But these shifts, which range from the introduction of unexpected instrumentation (as when the sparse, piano-led “The Haunted Prison” is overtaken by a brief explosion of drums and horns) to jarring thematic 180s, are never about just piling sounds on top of other sounds. Katz has such a strong sense of pop songwriting convention that his additions and diversions never undermine or overpower the material. Every gesture on Kangaroo Court seems considered, every idea vetted and sound finely calibrated. Opener “I Held Her Hand in Mine” rolls along just fine as solid, full-bodied indie pop for nearly three minutes before changing gears entirely, ending urgently in a clatter of action-movie drums and horns, and when that change comes the effect is one of genuine surprise. For that reason, it’s an ideal introduction to the record: once you’ve settled in to what sounds at first like fairly straight-forward indie pop music, serviceable stuff in the vein of Elephant 6, Katz suddenly gets menacing. It’s a neat trick, and it works.
Often these juxtapositions are a matter of thematic expression. Of all the duties assigned to him across Kangaroo Court the job for which Katz is perhaps best-suited is lyricist. Katz has a knack for lending nuanced observational details implied emotional weight, and what he doesn’t say explicitly has all the more power as a result. On “Long Island Iced Tea,” Katz tells us all we need to know about a painful memory with little more than ancillary details: “Red-head waitress with a nose-ring / Who has the specials memorized / Stops when she notices the tears coming from your eyes.” His lyrics are occasionally quite funny, too, though the humor often betrays a deep sadness just beneath the surface, like this gem from “Hourglass Figure”: “She’s on the other side of the bed like Brecht / Distancing herself for dramatic effect.”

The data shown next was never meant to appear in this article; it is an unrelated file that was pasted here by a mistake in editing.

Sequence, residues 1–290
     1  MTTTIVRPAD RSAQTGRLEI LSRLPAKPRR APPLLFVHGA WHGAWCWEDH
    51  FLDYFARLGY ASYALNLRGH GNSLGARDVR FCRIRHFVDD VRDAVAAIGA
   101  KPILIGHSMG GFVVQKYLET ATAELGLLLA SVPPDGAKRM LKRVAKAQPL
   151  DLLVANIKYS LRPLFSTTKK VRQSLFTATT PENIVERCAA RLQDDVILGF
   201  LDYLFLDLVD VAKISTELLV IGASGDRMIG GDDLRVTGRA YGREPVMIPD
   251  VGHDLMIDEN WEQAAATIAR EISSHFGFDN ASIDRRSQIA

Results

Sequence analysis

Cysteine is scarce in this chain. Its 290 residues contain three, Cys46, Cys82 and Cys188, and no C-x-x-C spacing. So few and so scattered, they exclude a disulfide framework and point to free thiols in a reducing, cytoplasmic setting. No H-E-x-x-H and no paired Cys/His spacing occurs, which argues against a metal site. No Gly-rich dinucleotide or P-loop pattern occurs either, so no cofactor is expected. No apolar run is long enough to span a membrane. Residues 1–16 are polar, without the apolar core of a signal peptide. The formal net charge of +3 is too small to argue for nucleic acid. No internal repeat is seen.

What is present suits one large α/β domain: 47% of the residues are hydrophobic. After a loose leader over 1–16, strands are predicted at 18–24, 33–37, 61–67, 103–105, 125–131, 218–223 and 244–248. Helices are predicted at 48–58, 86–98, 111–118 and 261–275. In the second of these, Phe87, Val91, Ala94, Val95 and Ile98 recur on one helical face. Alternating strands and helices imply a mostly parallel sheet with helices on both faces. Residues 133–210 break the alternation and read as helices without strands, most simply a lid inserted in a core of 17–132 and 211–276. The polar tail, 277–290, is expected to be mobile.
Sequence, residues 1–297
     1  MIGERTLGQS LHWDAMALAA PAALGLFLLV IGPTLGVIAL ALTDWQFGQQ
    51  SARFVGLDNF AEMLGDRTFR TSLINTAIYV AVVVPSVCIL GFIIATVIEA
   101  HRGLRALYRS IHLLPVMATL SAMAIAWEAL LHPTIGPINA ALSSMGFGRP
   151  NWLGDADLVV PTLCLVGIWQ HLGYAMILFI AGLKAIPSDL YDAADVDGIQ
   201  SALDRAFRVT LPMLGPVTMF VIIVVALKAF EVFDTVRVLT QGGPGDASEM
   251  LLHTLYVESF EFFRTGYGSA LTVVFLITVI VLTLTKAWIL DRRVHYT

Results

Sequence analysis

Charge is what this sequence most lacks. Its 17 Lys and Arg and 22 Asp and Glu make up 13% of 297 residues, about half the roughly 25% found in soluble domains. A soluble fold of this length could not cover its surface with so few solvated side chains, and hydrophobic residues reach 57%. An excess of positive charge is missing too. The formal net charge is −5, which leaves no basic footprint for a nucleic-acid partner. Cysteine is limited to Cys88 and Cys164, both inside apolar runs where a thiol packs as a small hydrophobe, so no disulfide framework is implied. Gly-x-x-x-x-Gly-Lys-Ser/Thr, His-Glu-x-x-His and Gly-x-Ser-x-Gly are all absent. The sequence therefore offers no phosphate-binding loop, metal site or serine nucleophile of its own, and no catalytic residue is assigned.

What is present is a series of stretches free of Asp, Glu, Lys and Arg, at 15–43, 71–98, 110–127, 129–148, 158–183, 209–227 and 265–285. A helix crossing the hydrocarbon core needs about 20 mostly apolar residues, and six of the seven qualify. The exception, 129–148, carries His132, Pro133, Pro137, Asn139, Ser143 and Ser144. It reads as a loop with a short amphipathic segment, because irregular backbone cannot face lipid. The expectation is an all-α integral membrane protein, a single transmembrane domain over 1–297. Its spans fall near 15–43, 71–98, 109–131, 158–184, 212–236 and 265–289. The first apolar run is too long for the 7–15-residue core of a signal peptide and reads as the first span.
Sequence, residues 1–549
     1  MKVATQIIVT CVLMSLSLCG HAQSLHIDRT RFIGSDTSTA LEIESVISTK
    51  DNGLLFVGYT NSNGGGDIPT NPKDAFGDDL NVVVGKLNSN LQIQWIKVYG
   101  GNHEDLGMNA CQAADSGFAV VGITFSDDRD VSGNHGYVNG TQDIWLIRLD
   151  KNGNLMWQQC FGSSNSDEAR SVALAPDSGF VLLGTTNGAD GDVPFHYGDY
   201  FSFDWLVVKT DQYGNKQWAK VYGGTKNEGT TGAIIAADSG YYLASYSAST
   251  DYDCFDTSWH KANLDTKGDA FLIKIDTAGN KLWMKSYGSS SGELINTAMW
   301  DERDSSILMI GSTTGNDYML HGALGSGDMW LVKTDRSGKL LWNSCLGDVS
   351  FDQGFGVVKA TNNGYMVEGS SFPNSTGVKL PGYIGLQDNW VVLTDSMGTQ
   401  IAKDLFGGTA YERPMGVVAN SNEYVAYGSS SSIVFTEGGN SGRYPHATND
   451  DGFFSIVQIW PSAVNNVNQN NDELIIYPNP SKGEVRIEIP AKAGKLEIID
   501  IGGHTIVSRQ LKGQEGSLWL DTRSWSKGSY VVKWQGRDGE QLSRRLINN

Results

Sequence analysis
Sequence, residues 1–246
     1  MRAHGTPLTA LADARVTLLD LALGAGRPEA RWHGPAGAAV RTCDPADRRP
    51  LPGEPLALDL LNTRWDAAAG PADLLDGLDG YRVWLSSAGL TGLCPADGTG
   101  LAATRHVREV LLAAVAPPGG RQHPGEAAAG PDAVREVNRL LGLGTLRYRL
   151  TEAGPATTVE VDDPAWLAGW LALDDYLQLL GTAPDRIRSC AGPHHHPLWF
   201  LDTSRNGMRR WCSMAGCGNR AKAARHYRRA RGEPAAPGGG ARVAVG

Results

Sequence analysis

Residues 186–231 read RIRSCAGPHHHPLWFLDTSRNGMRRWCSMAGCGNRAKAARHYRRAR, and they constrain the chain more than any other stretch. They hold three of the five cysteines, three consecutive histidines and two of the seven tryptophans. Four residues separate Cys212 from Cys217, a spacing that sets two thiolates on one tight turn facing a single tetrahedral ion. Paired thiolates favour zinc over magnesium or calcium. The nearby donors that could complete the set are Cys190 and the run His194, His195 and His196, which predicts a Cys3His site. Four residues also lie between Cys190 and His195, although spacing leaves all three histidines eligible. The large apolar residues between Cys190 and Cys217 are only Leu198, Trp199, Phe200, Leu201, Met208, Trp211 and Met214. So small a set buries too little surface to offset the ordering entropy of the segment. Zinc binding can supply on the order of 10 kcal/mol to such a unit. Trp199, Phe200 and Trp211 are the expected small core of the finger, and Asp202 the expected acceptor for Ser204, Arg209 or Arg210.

And when Katz, conflating heartache and existential dread, imagines his personal misfortunes as cosmic injustices, the results are beautiful, hilarious, and borderline profound, often at the same time. “Worm Song” imagines “those who stay up all night, arguing with those they’d least like to lose” as more susceptible to decomposition after death. On “Agent’s Song,” with its “la la la’s” on loan from Spencer Krug, Katz describes an argument between lovers interrupted by the government agent tapping their call; it’s a jokey premise, but it speaks to a desperate desire for somebody, anybody, to step in and stop a fight Katz clearly can’t bear. And “Richard Nixon,” the album’s strongest track, outlines the innumerable fuck-ups for which none other than God Himself is responsible—fuck-ups as wide-ranging as war, illness, and “the notes on your mirror in lipstick.” “He brought those women into existence,” Katz rails, “and he put them in cabs and he lead them to leave you for good.” Oh, and “then He makes sure that your lottery tickets will lose.” Everything is shit and everyone dies alone, and Katz will be damned if that or anything else is his own fault.
The Harlem Shakes failed to stick around for as long as we’d hoped they would, but if their untimely ruin lead to Thunder & Lightning and Kangaroo Court, their dissolution was not for nothing. But now it’s our responsibility to ensure that we pay attention this time, to give this band and this album the due they so clearly deserve. Don’t let these guys down again.